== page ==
Chick Corea -- Solo Piano at Stanford Jazz Festival at Bing Concert Hall

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Add to Calendar 2014-08-09 2014-08-09 35 Chick Corea -- Solo Piano at Stanford Jazz Festival at Bing Concert Hall Among the “redwoods” in jazz history, none stands taller than NEA Jazz Master Chick Corea. While still in his twenties, Corea forged new ground as both an acoustic pianist and composer with the masterpiece Now He Sings, Now He Sobs. Working with Miles Davis in the late ‘60s, he advanced the use of electric piano on some of the era’s landmark recordings, such as Filles de Kilimanjaro and Bitches Brew. Chick’s innovations with Return to Forever helped define the fusion movement and introduced younger stars like Al Di Meola and Stanley Clarke. His collaborations include stunning duets with Herbie Hancock, Gary Burton and Bobby McFerrin, as well as groundbreaking groups with Michael Brecker, Joe Farrell, John McLaughlin, Hubert Laws, John Patitucci, Roy Haynes, Steve Gadd and many others in both jazz and classical music. Nominated for an astounding 61 Grammy Awards, Corea has won 20 of them. A true living legend at 72, Chick continues to thrill listeners with The Vigil, his latest electro-acoustic project. This rare solo piano performance is dedicated to the memory of flamenco guitar icon Paco de Lucía, who passed in February. Bing Concert Hall, Stanford University false DD/MM/YYYY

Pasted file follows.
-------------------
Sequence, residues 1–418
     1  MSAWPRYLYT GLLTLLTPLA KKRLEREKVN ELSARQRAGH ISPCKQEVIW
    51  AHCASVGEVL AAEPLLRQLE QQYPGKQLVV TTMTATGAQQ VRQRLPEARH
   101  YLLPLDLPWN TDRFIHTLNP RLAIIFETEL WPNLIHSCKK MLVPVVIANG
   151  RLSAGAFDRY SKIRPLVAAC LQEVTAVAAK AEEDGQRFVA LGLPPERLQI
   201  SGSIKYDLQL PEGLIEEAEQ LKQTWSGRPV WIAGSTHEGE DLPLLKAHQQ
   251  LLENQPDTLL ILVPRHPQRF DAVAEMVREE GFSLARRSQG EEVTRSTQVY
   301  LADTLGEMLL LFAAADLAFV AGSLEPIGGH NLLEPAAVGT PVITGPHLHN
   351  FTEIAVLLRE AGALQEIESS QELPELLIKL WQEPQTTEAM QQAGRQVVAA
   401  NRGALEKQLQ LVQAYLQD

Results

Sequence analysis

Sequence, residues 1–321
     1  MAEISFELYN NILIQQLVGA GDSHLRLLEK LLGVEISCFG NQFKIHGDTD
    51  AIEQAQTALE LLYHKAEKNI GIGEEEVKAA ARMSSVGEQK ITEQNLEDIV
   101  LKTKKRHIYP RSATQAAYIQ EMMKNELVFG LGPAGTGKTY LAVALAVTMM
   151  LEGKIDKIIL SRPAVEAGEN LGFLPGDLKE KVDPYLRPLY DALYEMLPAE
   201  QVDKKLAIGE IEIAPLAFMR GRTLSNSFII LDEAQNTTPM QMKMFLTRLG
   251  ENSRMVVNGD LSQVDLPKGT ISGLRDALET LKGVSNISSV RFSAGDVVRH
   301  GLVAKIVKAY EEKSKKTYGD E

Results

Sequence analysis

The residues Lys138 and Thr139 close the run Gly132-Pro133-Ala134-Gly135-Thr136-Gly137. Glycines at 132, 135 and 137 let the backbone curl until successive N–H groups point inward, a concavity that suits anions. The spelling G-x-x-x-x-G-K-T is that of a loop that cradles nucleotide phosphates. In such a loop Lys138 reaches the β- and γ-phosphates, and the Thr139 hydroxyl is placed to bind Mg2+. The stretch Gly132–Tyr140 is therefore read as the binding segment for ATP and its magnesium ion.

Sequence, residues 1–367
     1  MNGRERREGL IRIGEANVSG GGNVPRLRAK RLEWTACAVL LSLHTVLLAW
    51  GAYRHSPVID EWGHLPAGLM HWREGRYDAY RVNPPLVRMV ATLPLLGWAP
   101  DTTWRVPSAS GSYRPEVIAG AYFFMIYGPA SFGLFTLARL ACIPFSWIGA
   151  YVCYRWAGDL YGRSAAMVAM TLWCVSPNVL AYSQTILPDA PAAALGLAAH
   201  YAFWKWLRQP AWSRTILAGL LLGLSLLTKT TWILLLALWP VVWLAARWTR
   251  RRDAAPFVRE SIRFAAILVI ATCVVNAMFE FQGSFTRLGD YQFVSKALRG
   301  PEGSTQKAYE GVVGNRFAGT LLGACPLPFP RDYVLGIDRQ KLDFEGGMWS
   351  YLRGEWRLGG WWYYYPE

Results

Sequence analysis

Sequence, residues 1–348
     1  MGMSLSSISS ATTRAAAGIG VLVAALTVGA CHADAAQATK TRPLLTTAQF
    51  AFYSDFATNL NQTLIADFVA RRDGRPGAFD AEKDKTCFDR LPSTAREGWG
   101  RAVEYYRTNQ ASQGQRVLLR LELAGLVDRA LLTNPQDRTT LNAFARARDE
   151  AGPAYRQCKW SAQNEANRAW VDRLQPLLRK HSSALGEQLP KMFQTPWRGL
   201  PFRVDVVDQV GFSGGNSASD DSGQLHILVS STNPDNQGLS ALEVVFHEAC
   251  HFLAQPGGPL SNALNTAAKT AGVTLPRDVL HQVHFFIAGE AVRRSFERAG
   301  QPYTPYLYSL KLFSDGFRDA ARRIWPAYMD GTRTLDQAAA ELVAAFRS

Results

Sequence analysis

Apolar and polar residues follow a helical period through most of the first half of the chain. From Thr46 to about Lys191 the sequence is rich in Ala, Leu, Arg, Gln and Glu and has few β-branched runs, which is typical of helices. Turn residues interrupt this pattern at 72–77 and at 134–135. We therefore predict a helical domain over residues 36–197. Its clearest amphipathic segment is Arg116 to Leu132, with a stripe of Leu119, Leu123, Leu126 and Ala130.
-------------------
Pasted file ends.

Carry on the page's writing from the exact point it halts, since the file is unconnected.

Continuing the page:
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Brenna Noonan added this event on 2014-05-02 17:52:59.

Where

Bing Concert Hall
Stanford Jazz Festival

Stanford University
Stanford, CA

When

Sat, August 9, 2014
8:00 pm

Musicians

Chick Corea

Chick Corea
piano

About

Among the “redwoods” in jazz history, none stands taller than NEA Jazz Master Chick Corea. While still in his twenties, Corea forged new ground as both an acoustic pianist and composer with the masterpiece Now He Sings, Now He Sobs. Working with Miles Davis in the late ‘60s, he advanced the use of electric piano on some of the era’s landmark recordings, such as Filles de Kilimanjaro and Bitches Brew. Chick’s innovations with Return to Forever helped define the fusion movement and introduced younger stars like Al Di Meola and Stanley Clarke. His collaborations include stunning duets with Herbie Hancock, Gary Burton and Bobby McFerrin, as well as groundbreaking groups with Michael Brecker, Joe Farrell, John McLaughlin, Hubert Laws, John Patitucci, Roy Haynes, Steve Gadd and many others in both jazz and classical music...
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